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Luc Jouret was a homeopathic doctor who founded the New Age cult Solar Templar in the 1980s.
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Luc Jouret was born to Belgian parents in the Republic of Congo on October 18, 1947. Educated as a physician, he turned to homeopathic medicine and became interested in the paranormal. In 1984, he co-founded Solar Templar, a cult movement dedicated to bringing in the New Age movement of the 20th century. In 1994, facing questions about the movement's legitimacy and doubting its mission, Jouret and nearly 60 disciplines committed mass suicide/murders of many members.
"Liberation is not where human beings think it is. Death can represent an essential stage of life."
Luc Jouret was born in Kikwit, in the Belgian Congo, now known as the Democratic Republic of Congo. His parents brought him to their native Belgium in the 1950s, where he attended the Free University of Brussels and received a medical degree. Two years after graduation, in 1976, Jouret joined the paratroopers of the Belgian army. He saw action in the Congo (known as Zaire at the time) to rescue Europeans that were caught up in the civil unrest.
After leaving the army, Jouret began studying homeopathy—a popular medical treatment in French-speaking Europe—and became a homeopathic physician. He traveled widely, studying various forms of alternative and spiritual healing. In the early 1980s, Jouret established a practice in Annemasse, France, near the Swiss border, and lectured widely throughout Europe and Quebec, Canada, on alternative medicine and the paranormal.
During one of his lecture tours, Luc Jouret met Joseph Di Mambro, who had founded several New Age organizations and shared mutual interests with Jouret. Di Mambro asked Jouret to conduct a series of lectures at his Golden Way Foundation, located in Geneva, Switzerland. Then, in 1984, the two founded the Solar Temple, a secret order based on the Knights of Templar. The Temple offered a program of personal and spiritual enlightenment through meditation, and rituals invoking a spiritual hierarchy of grand masters to bring in the New Age.
Jouret was the charismatic front man of the organization, spreading the word and recruiting new members. Di Mambro was the organization's director and financial agent. The Solar Temple grew throughout the 1980s to more 400 affluent members, many of whom gave large donations. Di Mambro bought property in several European countries, as well as Australia and Canada. However, in the 1990s, the organization came under investigation by authorities in several countries over the organization's finances and legality. Jouret and Di Mambro became pessimistic as pressure mounted and members began to leave the cult in the early '90s; the world was not responding to their message and there were no signs of the New Age that they had hoped was coming. By 1994, the two founders began to devise an alternate plan to escape the world and transition to a higher reality.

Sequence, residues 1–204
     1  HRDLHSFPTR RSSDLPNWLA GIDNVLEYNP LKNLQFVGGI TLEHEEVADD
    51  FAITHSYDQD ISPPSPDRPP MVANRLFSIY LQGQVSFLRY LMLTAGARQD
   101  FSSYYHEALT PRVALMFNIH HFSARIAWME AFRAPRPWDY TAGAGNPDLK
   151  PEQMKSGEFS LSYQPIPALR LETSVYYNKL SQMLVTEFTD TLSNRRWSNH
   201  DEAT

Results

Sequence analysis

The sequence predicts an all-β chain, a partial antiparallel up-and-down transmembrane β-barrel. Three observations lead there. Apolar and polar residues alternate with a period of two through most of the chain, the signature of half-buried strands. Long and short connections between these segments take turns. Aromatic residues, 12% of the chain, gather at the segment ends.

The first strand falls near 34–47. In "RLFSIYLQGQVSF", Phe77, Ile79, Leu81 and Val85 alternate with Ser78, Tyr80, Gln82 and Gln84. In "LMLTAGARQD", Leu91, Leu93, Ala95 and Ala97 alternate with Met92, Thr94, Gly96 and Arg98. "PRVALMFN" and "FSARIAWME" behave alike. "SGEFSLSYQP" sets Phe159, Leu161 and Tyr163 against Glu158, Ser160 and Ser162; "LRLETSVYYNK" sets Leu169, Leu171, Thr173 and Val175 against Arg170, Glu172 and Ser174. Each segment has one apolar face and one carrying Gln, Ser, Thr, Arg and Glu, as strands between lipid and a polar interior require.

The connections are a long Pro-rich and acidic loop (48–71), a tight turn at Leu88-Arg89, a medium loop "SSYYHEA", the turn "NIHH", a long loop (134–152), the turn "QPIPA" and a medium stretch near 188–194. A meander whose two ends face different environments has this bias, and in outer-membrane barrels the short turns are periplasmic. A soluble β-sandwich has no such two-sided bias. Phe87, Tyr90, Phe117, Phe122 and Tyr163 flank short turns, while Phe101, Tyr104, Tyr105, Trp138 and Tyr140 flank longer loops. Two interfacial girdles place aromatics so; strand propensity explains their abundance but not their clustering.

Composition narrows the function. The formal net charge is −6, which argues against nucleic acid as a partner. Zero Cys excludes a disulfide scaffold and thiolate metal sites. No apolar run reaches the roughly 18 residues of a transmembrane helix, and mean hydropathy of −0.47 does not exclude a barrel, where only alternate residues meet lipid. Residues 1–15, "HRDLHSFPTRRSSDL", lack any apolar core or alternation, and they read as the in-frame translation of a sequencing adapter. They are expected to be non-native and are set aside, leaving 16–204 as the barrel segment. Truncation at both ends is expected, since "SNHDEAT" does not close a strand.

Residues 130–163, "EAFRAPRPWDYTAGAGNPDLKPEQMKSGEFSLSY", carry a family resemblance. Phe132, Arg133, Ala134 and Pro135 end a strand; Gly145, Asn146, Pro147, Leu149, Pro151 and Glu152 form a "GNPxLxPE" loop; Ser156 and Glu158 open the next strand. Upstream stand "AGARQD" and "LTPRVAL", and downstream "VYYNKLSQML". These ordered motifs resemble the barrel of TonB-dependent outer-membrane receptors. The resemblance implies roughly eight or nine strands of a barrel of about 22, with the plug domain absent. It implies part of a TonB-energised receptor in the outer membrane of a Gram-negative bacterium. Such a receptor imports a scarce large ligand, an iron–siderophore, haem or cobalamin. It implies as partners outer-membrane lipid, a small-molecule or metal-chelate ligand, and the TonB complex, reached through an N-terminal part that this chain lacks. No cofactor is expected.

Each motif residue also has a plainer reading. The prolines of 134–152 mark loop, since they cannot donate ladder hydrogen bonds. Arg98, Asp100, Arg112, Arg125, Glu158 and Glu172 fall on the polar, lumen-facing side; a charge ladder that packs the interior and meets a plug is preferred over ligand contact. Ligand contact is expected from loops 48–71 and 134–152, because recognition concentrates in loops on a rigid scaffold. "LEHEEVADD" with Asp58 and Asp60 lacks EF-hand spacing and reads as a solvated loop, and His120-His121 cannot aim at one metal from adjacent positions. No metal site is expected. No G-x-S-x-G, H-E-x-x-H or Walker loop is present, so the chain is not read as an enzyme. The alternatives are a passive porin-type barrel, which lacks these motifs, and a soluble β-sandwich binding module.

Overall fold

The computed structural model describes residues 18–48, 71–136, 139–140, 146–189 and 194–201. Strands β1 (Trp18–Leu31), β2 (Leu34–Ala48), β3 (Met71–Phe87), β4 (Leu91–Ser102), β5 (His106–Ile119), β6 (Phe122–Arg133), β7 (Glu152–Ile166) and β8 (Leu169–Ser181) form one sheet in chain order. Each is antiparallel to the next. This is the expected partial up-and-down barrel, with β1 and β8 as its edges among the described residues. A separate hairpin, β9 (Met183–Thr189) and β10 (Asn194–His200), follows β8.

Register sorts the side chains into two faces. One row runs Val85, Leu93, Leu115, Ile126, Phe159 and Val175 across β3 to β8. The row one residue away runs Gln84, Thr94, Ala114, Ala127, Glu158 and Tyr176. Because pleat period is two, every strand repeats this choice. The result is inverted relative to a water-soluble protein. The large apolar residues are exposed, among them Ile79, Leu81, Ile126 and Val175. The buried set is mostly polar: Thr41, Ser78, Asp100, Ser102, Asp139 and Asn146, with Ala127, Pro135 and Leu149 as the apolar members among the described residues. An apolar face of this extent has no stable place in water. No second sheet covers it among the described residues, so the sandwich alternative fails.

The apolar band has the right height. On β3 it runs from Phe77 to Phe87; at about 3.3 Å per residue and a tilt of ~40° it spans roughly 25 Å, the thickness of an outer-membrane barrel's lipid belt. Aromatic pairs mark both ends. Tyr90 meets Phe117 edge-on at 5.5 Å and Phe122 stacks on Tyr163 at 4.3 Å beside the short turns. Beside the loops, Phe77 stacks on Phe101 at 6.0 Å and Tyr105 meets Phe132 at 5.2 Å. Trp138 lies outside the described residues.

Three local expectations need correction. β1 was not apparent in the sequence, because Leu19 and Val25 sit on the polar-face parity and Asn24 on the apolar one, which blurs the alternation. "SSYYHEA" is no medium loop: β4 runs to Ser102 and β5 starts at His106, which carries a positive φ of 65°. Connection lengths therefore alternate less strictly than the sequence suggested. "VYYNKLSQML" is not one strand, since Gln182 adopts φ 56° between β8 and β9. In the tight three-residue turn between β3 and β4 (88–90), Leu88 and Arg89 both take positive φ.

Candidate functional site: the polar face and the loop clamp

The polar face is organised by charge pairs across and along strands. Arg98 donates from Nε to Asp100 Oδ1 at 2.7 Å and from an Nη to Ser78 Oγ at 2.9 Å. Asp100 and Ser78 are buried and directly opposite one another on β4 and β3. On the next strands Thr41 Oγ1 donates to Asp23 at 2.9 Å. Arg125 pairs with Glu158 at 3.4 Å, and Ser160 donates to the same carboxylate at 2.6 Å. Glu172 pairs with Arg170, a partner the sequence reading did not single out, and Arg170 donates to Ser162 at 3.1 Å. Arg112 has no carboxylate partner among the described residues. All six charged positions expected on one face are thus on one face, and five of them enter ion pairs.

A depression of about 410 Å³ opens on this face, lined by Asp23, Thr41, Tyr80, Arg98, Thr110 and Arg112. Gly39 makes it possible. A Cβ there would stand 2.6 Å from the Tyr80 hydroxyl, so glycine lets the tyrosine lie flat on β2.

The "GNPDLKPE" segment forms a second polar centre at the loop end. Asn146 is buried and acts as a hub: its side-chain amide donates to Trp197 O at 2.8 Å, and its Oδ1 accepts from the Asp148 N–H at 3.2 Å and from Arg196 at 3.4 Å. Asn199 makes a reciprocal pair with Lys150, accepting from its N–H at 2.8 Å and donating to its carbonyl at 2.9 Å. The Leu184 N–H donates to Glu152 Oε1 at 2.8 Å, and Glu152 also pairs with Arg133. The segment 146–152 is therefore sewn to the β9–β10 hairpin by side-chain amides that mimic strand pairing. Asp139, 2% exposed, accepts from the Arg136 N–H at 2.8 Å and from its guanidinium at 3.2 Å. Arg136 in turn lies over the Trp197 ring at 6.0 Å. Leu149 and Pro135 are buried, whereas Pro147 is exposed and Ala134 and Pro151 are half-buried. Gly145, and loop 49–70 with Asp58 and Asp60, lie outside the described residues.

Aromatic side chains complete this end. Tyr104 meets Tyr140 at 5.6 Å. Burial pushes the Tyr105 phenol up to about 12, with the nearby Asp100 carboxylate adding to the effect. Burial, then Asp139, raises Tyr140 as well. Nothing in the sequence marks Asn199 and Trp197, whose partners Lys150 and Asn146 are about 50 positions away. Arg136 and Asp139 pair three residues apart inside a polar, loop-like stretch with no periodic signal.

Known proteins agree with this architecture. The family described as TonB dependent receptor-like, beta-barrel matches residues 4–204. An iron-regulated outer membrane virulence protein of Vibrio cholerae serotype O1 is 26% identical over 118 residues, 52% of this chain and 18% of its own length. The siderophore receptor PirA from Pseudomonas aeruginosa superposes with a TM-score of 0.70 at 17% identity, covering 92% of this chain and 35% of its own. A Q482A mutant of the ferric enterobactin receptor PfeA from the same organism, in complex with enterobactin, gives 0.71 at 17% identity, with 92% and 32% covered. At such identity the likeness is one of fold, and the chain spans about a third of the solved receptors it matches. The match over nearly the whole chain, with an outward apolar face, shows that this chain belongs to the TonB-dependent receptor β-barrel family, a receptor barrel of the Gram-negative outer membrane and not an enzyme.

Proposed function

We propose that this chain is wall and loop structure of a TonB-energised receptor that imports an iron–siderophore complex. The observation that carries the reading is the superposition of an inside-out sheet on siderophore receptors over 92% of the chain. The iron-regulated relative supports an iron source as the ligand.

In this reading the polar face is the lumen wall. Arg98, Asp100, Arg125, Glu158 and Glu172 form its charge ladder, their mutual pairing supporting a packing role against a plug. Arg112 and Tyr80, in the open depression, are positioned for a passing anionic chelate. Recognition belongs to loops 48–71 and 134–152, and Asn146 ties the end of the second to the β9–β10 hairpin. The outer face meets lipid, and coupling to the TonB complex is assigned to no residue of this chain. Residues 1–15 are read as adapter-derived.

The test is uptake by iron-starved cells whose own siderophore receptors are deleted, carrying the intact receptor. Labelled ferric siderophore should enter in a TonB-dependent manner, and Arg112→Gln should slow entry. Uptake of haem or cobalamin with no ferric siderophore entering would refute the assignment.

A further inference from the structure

In October 1994, Solar Temple members Tony and Nicki Dutoit had a son named Christopher Emmanuelle. The couple quit the cult and took their infant son to Quebec, Canada. Di Mambro saw this as a challenge to his daughter Emmanuelle's status as his successor, and condemned the boy as the Anti-Christ. On October 3, 1994, the Dutoit family was murdered, and their two assailants committed suicide. It was believed that Di Mambro ordered the murders. That same day, 22 people were found dead in Cheiry, Switzerland. On October 5, Jouret and Di Mambro hosted a "last supper" at a local restaurant, and mass suicides and murders were committed in Cheiryl and Salvan, Switzerland. More than 55 people died—some by bullet wound, others by tranquilizer injestion or suffocation through smothering—including Jouret and Di Mambro. Soon after, Solar Temple was disbanded and its surviving members melded back into the population.
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Combine a charismatic personality with fringe beliefs and an appetite for violence, and you get some of history's most notorious cult leaders. Charles Manson terrorized frightened Americans in the late 1960s, convincing his followers to commit heinous murders in his name. David Koresh led the Branch Davidian cult in Waco, Texas, leading to a standoff with the federal government in 1993 that resulted in the death of Koresh and 75 of his believers. Learn about these leaders, and many more, who inspired hundreds to follow their unconventional philosophies—often with tragic results.
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